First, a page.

bloody sweat; by Thy cross and passion; by
Thy precious death and burial-Good Lord,
deliver us' That's the reason which we
bring up in the words, 'For Jesus Christ's
sake.-Amen.' And Jesus Christ is passing
by now, to every one who wants to hear
Him say, Thy sins be forgiven thee. He's
passing by for every man and woman who
can't get to feel right, and who would like
to lay all the sin on Him, and get all the
pardon. He's passing by for the stranger
who has strayed in here out of curiosity,

and who has heard the offer of forgiveness.
He may be yours now, this very minute.
You may lay your sins at His feet; and if
you do so truly, He will forgive you, and
tell you to go home and glorify and praise
God in a new life of service and love.
Why not come, then, to Jesus now ? "
Mr. Antrim did not stop here. Reuben
and Nelly, who had recognized each other
with intent earnest eyes, listened on with
increased attention, as he contrasted the
service of sin and the service of Jesus, the
wages of sin and the gift of God, the end of
sin and the heaven of everlasting joy; and
it was with a half sigh that they drew
breath as he closed the Bible with the
yearning appeal, "And this-this offer of
love, of healing, of pardon, of peace, of joy,
and of heaven-this, which the scoffer re-
jects and the sinner scorns-this is the word
which by the gospel is preached unto you."
Then the last hymn was given out, verse
by verse:-


Here does the contrite sinner bring
A heart and voice too sad to sing?
Oh, turn not doubtingly away,-
Christ may be yours, and yours to-day.

We who from God's just law had swerved,
The punishment of death deserved;
Our guilt He took, our death He bore,
To set us free for evermore.

"Our chastisement on Christ was laid,
Our utmost penalty He paid;
Drank to the dregs the bitter cup,
And in our stead was offered up.

"Lift up your heart! this word is true,-
Jesus has died instead of you;
In love the Father sent Him down,
His Spirit makes that love our own.

"Then choose to-day the better part;
Bring to the Lord a contrite heart;
Heaven's gates stand open to the plea,
Jesus has died instead of me !"

It was exactly what Reuben wanted-the
message of peace. He saw Mr. Antrim
afterwards, and Nelly, and Nelly's father;
but even the opportunity of explaining the
morning's breach of promise did not fill his
thoughts so much as the words he had

Heaven's gates stand open to the plea,
Jesus has died instead of me !"

He understood that now, after Mr. Antrim's
teaching. It was healing to him. The boy
had thought much of his one day in the
country; but his heart travelled that night
into a better country-to the land very far
off, to which the road is forgiveness of sin.
Up from the degraded lanes round Swan
Alley, up through the rank fumes of smoke
and drink, up beyond the still starlight of
the frosty sky, up to the place which Mr.
Antrim had spoken of-the place of living
waters, the golden streets where the feet
are never weary, the gardens where the tree
of life blossoms-his hopes ascended; there
he fixed his thoughts and fastened his
"Nothing can stand against me," he said
to himself, if He who died is on my side.
It'll keep on always in my ears-

SHeaven's gates stand open to the plea,
Jesus has died instead of me 1'"

1 OWN in Paradise," was the place of
Nelly Green's abode, as reported
by herself; and down in Para-
dise Reuben found himself on a
Sunday evening some few weeks
after that of his visit to Swan Alley. It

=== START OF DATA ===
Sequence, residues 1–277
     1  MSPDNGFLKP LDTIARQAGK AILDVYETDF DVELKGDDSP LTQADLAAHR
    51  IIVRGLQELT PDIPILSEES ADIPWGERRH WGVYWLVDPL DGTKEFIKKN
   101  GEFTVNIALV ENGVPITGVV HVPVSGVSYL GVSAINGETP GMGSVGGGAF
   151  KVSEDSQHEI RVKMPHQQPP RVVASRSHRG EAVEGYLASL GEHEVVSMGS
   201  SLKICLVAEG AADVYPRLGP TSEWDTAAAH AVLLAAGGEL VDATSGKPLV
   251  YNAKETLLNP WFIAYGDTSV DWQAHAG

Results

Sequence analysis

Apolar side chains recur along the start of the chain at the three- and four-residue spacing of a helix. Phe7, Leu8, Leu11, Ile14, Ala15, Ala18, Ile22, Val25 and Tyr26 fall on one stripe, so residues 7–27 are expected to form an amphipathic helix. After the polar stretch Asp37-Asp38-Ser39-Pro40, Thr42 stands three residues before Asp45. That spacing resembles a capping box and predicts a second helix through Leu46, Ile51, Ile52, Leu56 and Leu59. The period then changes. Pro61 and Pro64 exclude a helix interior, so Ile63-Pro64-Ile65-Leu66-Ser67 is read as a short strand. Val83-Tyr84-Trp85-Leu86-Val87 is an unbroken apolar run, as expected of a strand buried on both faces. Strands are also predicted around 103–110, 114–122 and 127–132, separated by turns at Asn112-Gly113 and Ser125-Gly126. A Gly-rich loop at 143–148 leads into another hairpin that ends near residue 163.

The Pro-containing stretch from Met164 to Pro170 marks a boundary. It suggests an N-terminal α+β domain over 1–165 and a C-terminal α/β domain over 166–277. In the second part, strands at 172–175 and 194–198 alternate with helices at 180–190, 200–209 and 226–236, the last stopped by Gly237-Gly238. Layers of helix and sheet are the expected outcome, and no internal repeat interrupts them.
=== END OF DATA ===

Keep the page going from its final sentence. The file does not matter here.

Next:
presented itself as a question to the foot-
passenger, by what connection of ideas the
name had affixed itself to the row of shops
of the very humblest description thus styled;
and if he thought upon the matter at all, he
found himself inquiring whether it perpet-
uated a somewhat bitter jest on the part of
the builder, or indicated a sanguine turn of

mind leading that gentleman to indulge in
pleasing hopes concerning the prosperity of
future inhabitants who might there carry
out their lawful trades and callings.
However the truth might be, it was quite
certain that Paradise Row, in Postal Dis-
trict S.E., was not, in respect of beauty, a
garden of Eden. Perhaps it most resem-
bled it in being a place of temptation-
wherein, alas! the resemblance was a very
close one. Temptations to buy, temptations
to cheat, temptations to grind down the
seller, temptations to take in the buyer,
temptations to pass old goods for new and
stale goods for fresh, temptations to wrangle,
and sometimes temptations to despair,-all
these were abundant in Paradise Row.
And in the cold winter weather, when the
bitter frost occasionally got to the heart,
and the piercing wind carried on a dreary
performance of its own in chimneys where
the fire wasn't always there to fight it out,
these last sometimes went to the heart with

the frost, and howled through the souls of
struggling folk with the wind; and only a
very warm fire indeed of love and hope was
sufficient to keep them out or to fight them
A dreadful circumstance had happened to
Nelly on the Sunday morning. She had
lost one of her children. It was not, strictly
speaking, a Green; indeed, it happened to
be a Brown; but it belonged to the com-
pany which Nelly daily convoyed from
Paradise to school; and how it had mislaid
itself, and when, and where, nobody knew.
It was after the afternoon school that
Tommy was missing; and a sort of howl of
dismay from the brothers and sisters of the
Brown family, together with an anguished
running backwards and forwards at the tops
of streets, with a cry of "Tommy Tommy !
Tommy Brown! where are you?" from
Nelly, arrested the attention of Reuben, and
of one or two of the teachers, who at once
joined in the search.

In vain was Tommy looked for in the
school, under the forms, in the clothes-cup-
board, even in the master's house, and in the
mistress's linen-press. In vain did one of